County of Tonnerre
France in 1477. Tonnerre is in green.
The county of Tonnerre (Latin pagus Tornodorensis) was east of Auxerre and south of Troyes, centred on the town of Tonnerre in the Yonne region of France. It was set up in the 8th century as a fiefdom of the bishops of Langres, and first became centred on Tonnerre in the 9th century. Through marriage the family also gained the county of Bar, although the Tonnerre family then became extinct two generations later, with Bar-sur-Seine passing to the counts of Brienne and the county of Tonnerre passing to the dukes of Nevers and Auxerre.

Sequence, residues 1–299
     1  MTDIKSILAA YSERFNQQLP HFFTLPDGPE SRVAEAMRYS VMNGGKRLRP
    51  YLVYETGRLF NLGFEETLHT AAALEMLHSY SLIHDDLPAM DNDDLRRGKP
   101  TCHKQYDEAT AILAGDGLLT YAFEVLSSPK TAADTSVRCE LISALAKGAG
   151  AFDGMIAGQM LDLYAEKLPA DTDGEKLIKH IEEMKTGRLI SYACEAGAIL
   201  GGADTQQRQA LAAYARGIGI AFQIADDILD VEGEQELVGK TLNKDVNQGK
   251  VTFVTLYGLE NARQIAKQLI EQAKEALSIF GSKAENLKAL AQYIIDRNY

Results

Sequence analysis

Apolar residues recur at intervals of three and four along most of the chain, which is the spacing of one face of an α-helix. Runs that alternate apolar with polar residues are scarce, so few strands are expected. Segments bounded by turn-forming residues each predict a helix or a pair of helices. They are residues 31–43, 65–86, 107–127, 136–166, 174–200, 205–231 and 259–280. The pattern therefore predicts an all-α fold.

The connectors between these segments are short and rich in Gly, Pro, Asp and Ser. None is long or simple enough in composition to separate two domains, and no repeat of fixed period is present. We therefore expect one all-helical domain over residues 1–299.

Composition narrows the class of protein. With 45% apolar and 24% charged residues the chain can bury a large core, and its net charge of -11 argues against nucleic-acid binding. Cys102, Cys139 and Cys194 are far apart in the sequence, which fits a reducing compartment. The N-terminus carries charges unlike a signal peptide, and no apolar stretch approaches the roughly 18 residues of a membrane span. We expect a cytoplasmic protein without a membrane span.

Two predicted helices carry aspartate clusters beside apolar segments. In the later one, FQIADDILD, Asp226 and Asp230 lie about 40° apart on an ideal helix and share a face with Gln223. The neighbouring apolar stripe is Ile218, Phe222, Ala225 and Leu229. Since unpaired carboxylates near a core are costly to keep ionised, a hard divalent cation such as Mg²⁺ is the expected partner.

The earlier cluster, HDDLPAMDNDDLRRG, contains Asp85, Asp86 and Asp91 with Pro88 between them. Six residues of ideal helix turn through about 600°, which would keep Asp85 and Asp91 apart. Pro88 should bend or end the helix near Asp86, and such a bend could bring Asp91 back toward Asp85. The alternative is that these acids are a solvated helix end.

After that Tonnerre, Nevers and Auxerre came back together at the division of 1273, but they soon became Tonnerre and Auxerre again, and remained so until John IV of Chalon sold Auxerre to the king of France in 1370 and restricted himself to Tonnerre. His grandson Louis II of Chalon got into a dispute with John the Fearless due to the kidnapping of Jeanne de Perellos, a lady of the Burgundian court, and opposed him politically - he thus had Tonnerre confiscated from him in 1414. Philip the Good handed the county to Arthur de Richemont, who later became constable of France (known as Constable of Richemont) and duke of Brittany (1457–1458) to its brother-in-law. However, it was returned to the previous Tonnerre family by the Treaty of Arras but the last male member of that family had died in the meantime and it passed to a sister of the last count by his marriage with Olivier de Husson.